Repairing something is the first line of defence against the massive waste challenge confronting Australia according to Griffith University intellectual property expert Professor Leanne Wiseman.
Professor Wiseman, Chair of the Australian Repair Summit held recently in Canberra, said making things last should be a straightforward and affordable way of contributing to a circular economy, but needed smarter design, progressive manufacturers and policies to drive change.
“It’s really a problem for consumers. From phones and fridges, to tractors and computers, people own these goods in terms of physical rights of ownership so they should be able to choose a local repairer rather than going back to the manufacturer.”
She said rapid policy developments in the US, Europe and Australia meant the timing was right to launch Australia’s right to repair movement.
“During the summit we heard from the massive groundswell of supporters for independent repair both from within the repair industries and the community at large,” she said.
“It helped highlight the important role the right to repair movement plays in improving Australia’s environmental sustainability.”
One of the key presentations was delivered by Kyle Wiens co-founder and CEO of the website iFixit.com, hosting the most comprehensive library of free repair guides, and a vocal advocate of the right to repair in the US.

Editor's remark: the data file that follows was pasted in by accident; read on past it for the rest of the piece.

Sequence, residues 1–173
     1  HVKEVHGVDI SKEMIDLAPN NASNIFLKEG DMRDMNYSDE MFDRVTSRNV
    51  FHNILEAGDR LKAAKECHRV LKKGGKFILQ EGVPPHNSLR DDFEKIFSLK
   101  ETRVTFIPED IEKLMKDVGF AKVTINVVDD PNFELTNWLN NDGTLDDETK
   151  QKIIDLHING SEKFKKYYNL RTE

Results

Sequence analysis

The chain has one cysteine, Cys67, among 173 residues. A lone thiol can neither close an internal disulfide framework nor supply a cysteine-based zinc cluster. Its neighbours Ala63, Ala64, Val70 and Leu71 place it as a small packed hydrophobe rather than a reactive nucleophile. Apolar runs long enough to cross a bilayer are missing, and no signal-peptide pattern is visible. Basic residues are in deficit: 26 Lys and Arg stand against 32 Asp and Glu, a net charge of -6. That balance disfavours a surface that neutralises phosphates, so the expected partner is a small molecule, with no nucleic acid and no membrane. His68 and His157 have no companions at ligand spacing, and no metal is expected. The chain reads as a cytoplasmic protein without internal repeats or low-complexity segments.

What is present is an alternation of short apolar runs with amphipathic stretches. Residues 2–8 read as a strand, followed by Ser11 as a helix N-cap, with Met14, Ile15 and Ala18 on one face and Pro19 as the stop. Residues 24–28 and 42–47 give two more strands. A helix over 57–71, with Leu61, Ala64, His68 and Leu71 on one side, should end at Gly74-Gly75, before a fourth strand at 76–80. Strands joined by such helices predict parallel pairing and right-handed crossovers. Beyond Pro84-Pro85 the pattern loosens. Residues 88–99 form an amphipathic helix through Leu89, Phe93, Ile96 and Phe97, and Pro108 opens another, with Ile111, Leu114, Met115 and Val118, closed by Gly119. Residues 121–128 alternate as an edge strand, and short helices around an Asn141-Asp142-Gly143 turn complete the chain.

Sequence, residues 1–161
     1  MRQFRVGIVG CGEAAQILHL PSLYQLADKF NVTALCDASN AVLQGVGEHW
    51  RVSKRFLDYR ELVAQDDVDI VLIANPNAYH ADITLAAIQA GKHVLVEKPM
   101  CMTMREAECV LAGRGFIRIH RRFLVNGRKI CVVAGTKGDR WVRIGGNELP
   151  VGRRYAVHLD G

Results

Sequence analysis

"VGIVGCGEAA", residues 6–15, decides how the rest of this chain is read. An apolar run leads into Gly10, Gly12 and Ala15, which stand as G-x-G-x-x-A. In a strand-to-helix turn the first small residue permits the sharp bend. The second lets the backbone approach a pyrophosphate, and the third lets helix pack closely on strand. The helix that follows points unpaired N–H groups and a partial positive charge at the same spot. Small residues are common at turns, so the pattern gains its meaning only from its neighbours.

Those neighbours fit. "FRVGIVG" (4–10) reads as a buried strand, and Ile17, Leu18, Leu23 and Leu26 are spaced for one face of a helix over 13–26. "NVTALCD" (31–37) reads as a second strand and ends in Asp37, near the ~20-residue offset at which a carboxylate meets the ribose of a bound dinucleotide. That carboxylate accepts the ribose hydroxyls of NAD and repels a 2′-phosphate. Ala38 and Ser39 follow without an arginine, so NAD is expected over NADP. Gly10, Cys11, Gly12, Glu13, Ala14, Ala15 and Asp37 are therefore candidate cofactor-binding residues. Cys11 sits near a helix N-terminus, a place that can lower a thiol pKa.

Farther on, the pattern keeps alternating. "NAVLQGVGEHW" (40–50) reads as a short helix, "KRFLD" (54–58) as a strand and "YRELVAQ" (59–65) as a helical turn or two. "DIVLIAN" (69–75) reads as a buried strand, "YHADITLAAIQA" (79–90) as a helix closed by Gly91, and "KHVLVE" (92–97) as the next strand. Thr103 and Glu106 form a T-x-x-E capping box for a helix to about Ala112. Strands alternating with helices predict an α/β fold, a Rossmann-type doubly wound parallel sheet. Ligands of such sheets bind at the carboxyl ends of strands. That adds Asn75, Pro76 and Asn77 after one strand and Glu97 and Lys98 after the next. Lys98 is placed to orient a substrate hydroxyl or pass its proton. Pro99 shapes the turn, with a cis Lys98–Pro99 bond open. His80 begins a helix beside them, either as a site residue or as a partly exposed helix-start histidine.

“Kyle’s support has been invaluable and was one of the first on board to support and sponsor our summit.
“He summarised developments in the US, from key findings in the recent Federal Trade Commission (FTC) ‘Nixing the Fix’ report to President Biden’s recent executive order for the FTC to support right to repair.”
The summit coincided with recent domestic policy developments including a new law making the sharing of car repair and service information compulsory and two separate inquiries launched by the Productivity Commission and the Australian Competition and Consumer Commission (ACCC).
“The free flow of ideas was one of the major benefits of bringing together all the stakeholders at a national level.”
“Commissioner Paul Lindwall from the Productivity Commission spoke to the key areas their inquiry is focused on and whether there was a need to follow France and use labels to help consumers understand the life of a product,” Professor Wiseman said.
The Australian Repair Summit Steering Committee includes Lesley Yates, Australian Automotive Aftermarket Association (“AAAA”);John Gertsakis, EwasteWatch; Guido Verbist, Advocate and General Manager at Revolve Recycling; Karen and Dan Ellis, Mendit Australia; Matthew Steen, CHOICE and Dr Kanchana Kariyawasam, Griffith Business School and Law Futures Centre.
The Australian Repair Summit was hosted by the Griffith University Law Futures Centre.